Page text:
Code of Civil Procedure section 667 provides the basis for plaintiff's cause of action against South Beverly for return of personal property. Section 667 states in relevant part: "In an action to recover the possession of personal property, judgment for the plaintiff may be for the possession or the value thereof, in case a delivery cannot be had, and damages for the detention."

4. Plaintiff's Waiver of Trial and Submission of Its Proposed Judgment

Trial was set for May 1, 2003. However, on April 30, 2003, plaintiff served notice of its intention to waive trial and instead ask the court to (1) enter judgment in its favor and against South Beverly based on the court's November 18, 2002 order granting plaintiff summary adjudication, (2) award plaintiff prejudgment interest, from October 1, 1999 to May 1, 2003, on the value of the jewelry, and (3) award plaintiff costs of suit.

On May 1, the court ordered the trial off calendar pursuant to the request by plaintiff. Objecting to judgment being entered in favor of plaintiff, South Beverly made a motion for nonsuit.

Suffice it to say here that on June 3, 2003, the trial court denied the motion for nonsuit and instructed plaintiff to file a proposed judgment and defendant to file any objections it might have to the proposed judgment.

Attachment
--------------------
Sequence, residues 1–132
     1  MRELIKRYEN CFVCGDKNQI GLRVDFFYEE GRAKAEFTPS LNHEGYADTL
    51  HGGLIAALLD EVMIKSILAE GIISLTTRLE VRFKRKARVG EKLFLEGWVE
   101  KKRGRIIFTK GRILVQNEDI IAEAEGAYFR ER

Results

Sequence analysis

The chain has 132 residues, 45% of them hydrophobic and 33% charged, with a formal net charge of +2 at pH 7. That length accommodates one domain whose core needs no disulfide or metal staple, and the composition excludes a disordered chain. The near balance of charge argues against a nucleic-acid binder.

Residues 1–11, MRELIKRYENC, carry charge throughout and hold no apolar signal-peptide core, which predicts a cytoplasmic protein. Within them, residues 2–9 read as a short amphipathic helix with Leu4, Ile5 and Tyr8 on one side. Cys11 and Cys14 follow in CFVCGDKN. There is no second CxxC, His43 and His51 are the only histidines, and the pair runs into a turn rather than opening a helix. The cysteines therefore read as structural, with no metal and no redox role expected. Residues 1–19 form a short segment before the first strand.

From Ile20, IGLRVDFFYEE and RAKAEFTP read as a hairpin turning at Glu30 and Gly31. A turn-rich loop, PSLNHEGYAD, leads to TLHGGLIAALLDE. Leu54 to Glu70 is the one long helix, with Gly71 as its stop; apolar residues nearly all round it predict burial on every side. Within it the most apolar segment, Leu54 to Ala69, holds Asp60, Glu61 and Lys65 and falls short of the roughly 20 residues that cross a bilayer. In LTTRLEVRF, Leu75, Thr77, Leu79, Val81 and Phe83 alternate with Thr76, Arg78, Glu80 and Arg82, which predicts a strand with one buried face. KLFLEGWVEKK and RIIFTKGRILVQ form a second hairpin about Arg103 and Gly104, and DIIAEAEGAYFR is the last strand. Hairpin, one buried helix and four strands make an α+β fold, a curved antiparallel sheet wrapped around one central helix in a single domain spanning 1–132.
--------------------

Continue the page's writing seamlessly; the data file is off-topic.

5. The Judgments, Amended Judgments, and South Beverly's Appeal

A hearing on the proposed judgment was held on September 16, 2003, whereat the trial court determined that plaintiff should be awarded prejudgment interest up to the date of judgment. Judgment in favor of plaintiff and against South Beverly on the causes of action for recovery of specific property and conversion was signed and filed on November 6, 2003. Plaintiff was awarded possession of the goods, and prejudgment interest at the rate of 7% from October 1, 1999, "to July __, 2003," on the sum of $446,000, which the judgment states is the value of the three pieces of jewelry at issue in the summary adjudication motion. The judgment was amended on December 1, 2003, to award prejudgment interest to November 6, 2003, in the amount of $142,025.27. Thereafter, on December 24, 2003, South Beverly filed this timely appeal from the original (November 6, 2003) and amended (December 1, 2003) judgments. On January 7, 2004, pursuant to stipulation by plaintiff and South Beverly that the amended judgment be corrected to state the award of interest in the amount of $127,959.23, the judgment was amended a second time.